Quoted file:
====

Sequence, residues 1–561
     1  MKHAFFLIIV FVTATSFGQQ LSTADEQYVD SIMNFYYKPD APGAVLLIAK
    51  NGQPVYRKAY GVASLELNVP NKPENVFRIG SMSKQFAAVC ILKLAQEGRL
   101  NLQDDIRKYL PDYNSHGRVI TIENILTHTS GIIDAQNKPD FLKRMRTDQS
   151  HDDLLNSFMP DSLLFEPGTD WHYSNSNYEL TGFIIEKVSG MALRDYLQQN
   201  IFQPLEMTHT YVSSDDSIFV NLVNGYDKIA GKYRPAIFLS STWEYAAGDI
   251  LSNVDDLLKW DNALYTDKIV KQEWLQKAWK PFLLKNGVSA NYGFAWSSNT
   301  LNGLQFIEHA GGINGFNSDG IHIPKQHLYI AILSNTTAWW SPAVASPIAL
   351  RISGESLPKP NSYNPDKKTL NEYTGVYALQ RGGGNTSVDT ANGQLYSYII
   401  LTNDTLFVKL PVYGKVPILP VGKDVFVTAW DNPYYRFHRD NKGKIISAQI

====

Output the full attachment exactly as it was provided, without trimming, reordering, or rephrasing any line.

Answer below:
Sequence, residues 1–561
     1  MKHAFFLIIV FVTATSFGQQ LSTADEQYVD SIMNFYYKPD APGAVLLIAK
    51  NGQPVYRKAY GVASLELNVP NKPENVFRIG SMSKQFAAVC ILKLAQEGRL
   101  NLQDDIRKYL PDYNSHGRVI TIENILTHTS GIIDAQNKPD FLKRMRTDQS
   151  HDDLLNSFMP DSLLFEPGTD WHYSNSNYEL TGFIIEKVSG MALRDYLQQN
   201  IFQPLEMTHT YVSSDDSIFV NLVNGYDKIA GKYRPAIFLS STWEYAAGDI
   251  LSNVDDLLKW DNALYTDKIV KQEWLQKAWK PFLLKNGVSA NYGFAWSSNT
   301  LNGLQFIEHA GGINGFNSDG IHIPKQHLYI AILSNTTAWW SPAVASPIAL
   351  RISGESLPKP NSYNPDKKTL NEYTGVYALQ RGGGNTSVDT ANGQLYSYII
   401  LTNDTLFVKL PVYGKVPILP VGKDVFVTAW DNPYYRFHRD NKGKIISAQI